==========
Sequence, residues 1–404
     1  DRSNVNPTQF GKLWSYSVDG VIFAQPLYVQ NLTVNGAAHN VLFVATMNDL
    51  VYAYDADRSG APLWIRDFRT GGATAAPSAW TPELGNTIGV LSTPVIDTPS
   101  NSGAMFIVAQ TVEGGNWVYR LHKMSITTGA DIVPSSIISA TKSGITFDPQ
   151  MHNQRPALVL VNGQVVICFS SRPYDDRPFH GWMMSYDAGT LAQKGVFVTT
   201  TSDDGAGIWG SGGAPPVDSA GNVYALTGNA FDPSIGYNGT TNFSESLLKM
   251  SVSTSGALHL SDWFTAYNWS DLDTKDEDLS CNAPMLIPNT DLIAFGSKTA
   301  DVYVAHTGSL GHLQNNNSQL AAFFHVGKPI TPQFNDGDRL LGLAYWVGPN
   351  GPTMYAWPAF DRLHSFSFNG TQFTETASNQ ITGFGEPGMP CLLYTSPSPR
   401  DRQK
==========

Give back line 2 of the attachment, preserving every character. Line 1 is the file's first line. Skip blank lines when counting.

     1  DRSNVNPTQF GKLWSYSVDG VIFAQPLYVQ NLTVNGAAHN VLFVATMNDL